Her visit to her family's gravesite seemed to have worsened her mental state. She believed that maybe, just maybe, if she traveled there a second time, she might finally move past her anguish. She wanted to move forward, but at that point, all she wanted to do was go to sleep and never wake up.
Her once semi-contented spirit was now replaced with a somber one, and she considered taking a nap in the early evening. After she thawed out from the cold, she poured herself a glass of Chardonnay in her rose-colored champagne glass. She didn't even bother to remove her coat as she stood at the kitchen counter. She began drinking after the death of her family, probably because her sister used to drink wine with her dinner all the time. Somehow Charlie adopted that habit as her own. Only in Charlie's case, more times than not, no dinner accompanied this new practice. Though not a permanent solution, it served its purpose for now.
Charlie hung up her coat and after two long sips of Chardonnay, she found herself standing in the center of the living room. Her eyes panned across several eclectic hand-painted pictures of flowing water, which lay on the floor against the sofa.
With the temperature outside reaching almost freezing, winter made its presence to the city early, but she found great comfort from the intense heat that circled her apartment. Her eyes perused the mantle of the framed family portrait. She couldn't help but focus on her sister. The picture seemed to stare back at her as she remembered how her sister Sandy always cared for her, looked out for her and encouraged her to value herself for her own unique abilities and talents. Now Sandy was gone, all because of the secret life she chose to live, a secret life which led to her demise.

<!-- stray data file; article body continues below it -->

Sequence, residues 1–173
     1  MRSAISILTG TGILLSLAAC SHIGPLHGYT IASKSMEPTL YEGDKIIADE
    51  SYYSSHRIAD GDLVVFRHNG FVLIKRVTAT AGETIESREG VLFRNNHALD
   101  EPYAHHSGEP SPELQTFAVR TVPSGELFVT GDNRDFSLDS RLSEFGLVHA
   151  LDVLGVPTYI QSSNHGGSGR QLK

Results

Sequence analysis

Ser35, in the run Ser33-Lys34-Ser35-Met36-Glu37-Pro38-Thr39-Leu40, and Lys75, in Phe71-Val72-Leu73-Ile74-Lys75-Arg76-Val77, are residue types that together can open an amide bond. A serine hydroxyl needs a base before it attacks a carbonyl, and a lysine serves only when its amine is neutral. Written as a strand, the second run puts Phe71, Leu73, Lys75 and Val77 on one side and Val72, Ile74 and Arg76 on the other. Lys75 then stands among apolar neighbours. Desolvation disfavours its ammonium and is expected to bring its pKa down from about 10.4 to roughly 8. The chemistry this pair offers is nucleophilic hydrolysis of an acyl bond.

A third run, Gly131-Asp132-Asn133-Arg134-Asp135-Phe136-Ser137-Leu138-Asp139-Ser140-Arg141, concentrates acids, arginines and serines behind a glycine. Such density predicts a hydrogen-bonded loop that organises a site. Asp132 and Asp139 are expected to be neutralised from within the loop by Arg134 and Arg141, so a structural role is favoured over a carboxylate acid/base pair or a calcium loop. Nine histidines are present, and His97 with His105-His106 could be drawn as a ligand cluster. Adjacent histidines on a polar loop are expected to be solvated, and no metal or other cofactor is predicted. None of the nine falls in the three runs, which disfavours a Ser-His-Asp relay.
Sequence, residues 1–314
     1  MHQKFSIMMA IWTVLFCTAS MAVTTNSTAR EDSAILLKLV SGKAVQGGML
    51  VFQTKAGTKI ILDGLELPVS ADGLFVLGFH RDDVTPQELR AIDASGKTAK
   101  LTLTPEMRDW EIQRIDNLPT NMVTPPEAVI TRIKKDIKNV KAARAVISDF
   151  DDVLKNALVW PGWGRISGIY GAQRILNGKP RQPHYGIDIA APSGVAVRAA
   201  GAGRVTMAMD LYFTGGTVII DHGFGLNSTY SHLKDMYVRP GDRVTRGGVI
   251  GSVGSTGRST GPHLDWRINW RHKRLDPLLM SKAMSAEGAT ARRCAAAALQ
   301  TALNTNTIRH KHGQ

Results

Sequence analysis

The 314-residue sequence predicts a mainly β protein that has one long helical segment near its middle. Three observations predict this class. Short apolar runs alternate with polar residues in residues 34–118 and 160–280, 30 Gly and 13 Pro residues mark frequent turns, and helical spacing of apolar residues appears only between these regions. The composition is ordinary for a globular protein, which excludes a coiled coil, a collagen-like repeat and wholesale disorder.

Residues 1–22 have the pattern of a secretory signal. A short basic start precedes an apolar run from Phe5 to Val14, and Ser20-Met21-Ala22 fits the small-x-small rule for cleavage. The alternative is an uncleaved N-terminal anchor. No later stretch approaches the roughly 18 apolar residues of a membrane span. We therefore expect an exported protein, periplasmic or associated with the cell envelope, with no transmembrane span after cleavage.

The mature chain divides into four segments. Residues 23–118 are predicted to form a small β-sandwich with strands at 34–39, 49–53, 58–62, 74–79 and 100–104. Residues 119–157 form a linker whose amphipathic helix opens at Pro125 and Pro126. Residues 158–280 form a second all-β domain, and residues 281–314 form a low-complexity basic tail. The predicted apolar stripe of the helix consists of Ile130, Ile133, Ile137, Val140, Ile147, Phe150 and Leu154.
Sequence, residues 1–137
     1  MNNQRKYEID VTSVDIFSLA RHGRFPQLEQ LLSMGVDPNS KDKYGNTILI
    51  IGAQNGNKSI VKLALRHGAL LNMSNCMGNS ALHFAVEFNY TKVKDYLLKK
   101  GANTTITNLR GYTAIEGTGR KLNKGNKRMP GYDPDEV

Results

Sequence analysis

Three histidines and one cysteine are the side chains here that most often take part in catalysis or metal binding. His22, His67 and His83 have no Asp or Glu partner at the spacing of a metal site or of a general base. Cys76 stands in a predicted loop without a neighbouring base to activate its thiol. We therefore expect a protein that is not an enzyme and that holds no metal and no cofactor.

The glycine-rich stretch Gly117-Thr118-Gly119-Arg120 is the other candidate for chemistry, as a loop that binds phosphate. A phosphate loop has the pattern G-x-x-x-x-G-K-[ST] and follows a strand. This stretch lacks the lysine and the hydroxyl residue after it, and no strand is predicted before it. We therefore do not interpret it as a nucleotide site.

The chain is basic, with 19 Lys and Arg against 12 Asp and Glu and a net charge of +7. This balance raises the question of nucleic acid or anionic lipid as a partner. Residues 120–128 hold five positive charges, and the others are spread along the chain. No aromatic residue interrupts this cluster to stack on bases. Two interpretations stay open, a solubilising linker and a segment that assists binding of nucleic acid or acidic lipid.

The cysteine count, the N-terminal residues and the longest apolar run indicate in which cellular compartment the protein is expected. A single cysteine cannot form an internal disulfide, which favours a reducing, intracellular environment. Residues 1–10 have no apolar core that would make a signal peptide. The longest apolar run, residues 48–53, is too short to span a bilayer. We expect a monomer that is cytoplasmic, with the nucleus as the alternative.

Encouraging, compassionate, adventurous and free-spirited were the words that best described her sister, Sandy, which explained Charlie's private wish to be like her. Charlie felt her eyes well up with tears; so much that she could barely see the picture in front of her. She then headed into the bathroom and stood in front of the bathroom mirror. She stared at the bun in her hair, which gave her the appearance of an astute and very plain-Jane librarian. When she removed the large hairpin, her dark brown hair splashed against her shoulders. A few grey strands patterned the sides of her head, and it could only be stress because she was only a few days shy of her thirtieth birthday. With a somber expression on her face, Charlie stared at her reflection in the mirror, the tears trailing down her face.